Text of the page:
As she was headed home with her son in tow this Halloween, Elmont resident Mimi Pierre-Johnson watched as a car careened off the road near the intersection of Dutch Broadway and Elmont Road, flipping into the air as it struck a tree, utility pole and, eventually, four teenagers standing on the nearby sidewalk.
“My son was screaming and asking, ‘Mommy, are they dead?’” Pierre-Johnson recounted.
She then recalled nearby drivers stopping and rushing over to help the teens, who were all Elmont Memorial High School students walking home from school. As people tried to keep the bloodied students from moving, Pierre-Johnson said she prayed for them.
Nassau County police officials said that while two of the victims, a boy and a girl, were taken to a local hospital with non-life threatening injuries, two, both girls, were in critical condition, one of whom needed to be airlifted because of the severity of her injuries.
“This is an ongoing investigation,” Police Commissioner Patrick Ryder said at a news conference shortly after the incident. “… We’re going to let our guys do their job and hopefully figure out how this accident occurred.”
But many residents say they aren’t interested in how the accident happened. Instead, they want to know why these accidents keep happening around the same stretch of Dutch Broadway, one that police have said has a high volume of injuries and fatalities. Nassau County Legislator Carrie Solages expressed frustration over the accident, saying he has been pushing for increased safety on Dutch Broadway since 2015, when he took high-ranking county officials on a tour of the area.
He explained that as drivers enter Nassau County from Queens, they see that the one-lane streets become two lanes and take that as a sign to speed up. Residents have said that they know all too well that cars in the area have a tendency to hit 60-mph speeds. Solages said he repeatedly sent letters to the office of then County Executive Ed Mangano and the County Department of Public Works to conduct a traffic study of the area, and come up with a solution to prevent further accidents from happening.
Yet, not much came out of his advocacy attempts, and in 2016 a car struck 12-year-old Gabrielle Johnson as she walked to EMHS. Solages again sent a letter to the county leaders, demanding a traffic study, but again, there was little movement.
“It was clear that the previous county executive was not hearing our request,” Solages said, adding that when he had forwarded his requests to County Executive Laura Curran’s administration when she took office in 2017, the county finally moved forward with the traffic study.
He noted that while the County Legislature can earmark funds to improve safety on the road, it falls on the county executive’s office to implement the recommendations that come out of the traffic study. He reported that the county is currently in the midst of sending out requests for proposals for the installation of additional traffic controls in the area.
But Pierre-Johnson isn’t waiting for the county to move on its own time anymore. As a longtime activist and founder of the Elmont Cultural Center, Pierre-Johnson is launching a petition to get the county to act quickly the fix the problems on Dutch Broadway. She also reached out to State Sen. Todd Kaminsky for help.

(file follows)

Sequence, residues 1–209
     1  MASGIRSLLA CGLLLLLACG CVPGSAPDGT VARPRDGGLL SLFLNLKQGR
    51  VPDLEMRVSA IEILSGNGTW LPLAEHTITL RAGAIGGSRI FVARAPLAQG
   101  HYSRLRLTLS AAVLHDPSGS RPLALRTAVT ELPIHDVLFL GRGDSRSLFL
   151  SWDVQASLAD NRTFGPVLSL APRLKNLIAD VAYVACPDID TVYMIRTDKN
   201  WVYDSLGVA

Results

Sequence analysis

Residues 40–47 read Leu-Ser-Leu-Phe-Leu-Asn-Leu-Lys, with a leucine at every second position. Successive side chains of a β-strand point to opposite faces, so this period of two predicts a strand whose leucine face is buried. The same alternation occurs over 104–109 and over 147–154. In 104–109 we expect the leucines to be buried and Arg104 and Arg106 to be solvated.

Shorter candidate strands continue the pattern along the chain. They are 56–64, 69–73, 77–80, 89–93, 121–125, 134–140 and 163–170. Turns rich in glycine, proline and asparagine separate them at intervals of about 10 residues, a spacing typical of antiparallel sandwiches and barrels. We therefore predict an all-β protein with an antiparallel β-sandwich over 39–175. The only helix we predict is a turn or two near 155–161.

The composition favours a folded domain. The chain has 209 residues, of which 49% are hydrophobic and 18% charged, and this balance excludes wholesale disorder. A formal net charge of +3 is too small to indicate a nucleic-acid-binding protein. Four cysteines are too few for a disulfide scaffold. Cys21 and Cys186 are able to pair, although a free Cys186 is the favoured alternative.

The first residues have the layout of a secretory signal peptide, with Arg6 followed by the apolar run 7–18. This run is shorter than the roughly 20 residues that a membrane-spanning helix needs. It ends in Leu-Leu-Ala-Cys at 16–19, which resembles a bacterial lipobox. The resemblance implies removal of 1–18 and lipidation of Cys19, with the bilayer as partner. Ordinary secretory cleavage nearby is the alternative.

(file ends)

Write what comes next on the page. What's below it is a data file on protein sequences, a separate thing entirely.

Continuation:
“Clearly, speeding is a deadly problem at this intersection, and traffic-calming measures are needed as soon as possible,” Kaminsky said “An immediate traffic study is warranted, and I have already spoken to county officials, who are optimistic that one can begin promptly.”
Pierre-Johnson wants the county to designate the area of Dutch Broadway between Elmont Road and Ridge Road as a school zone, with 20-mph speed limit signs to deter motorists from speeding. She said she hopes the signs would help not only protect Elmont Memorial’s student body, but also reduce the number of accidents that plague nearby streets.
Barry — a homeowner at the corner of Dutch Broadway and Diamond Street, who declined to share his last name — said he has videos showing speeding cars that hit nearly 80-mph as they cross Elmont Road on Dutch Broadway. His house has suffered damage in several accidents, including one that occurred last June that tore down the fence he built specifically to keep his children safe.
“How am I supposed to let my kids play outside when things like this keep happening?” Barry wondered. “I’m scared to leave them alone.”
Residents also expressed concerns that Dutch Broadway would become even busier once the Islanders arena in Belmont opens. Ferida Khan, a mother who lives near the Dutch Broadway School, told arena developers during a public hearing earlier this year that they need to survey the road.
“Dutch Broadway will be a secondary road that will be flooded with cars heading to and from the stadium, trying to avoid traffic on Hempstead Turnpike,” Khan said.
Although the arena’s developers said they would look into all the traffic concerns of residents, Dutch Broadway was ultimately left out of the traffic portion of their environmental impact study for the arena.
As she gathers signatures to expedite the county’s work on Dutch Broadway, Pierre-Johnson said she was confident that action would finally be taken by the end of the year.
“I’m not going to let something like this happen again,” she said.
An emergency meeting had been scheduled for 8 p.m. on Nov. 8 at the Elmont Public Library to address the accident, after the Herald went to press on Monday.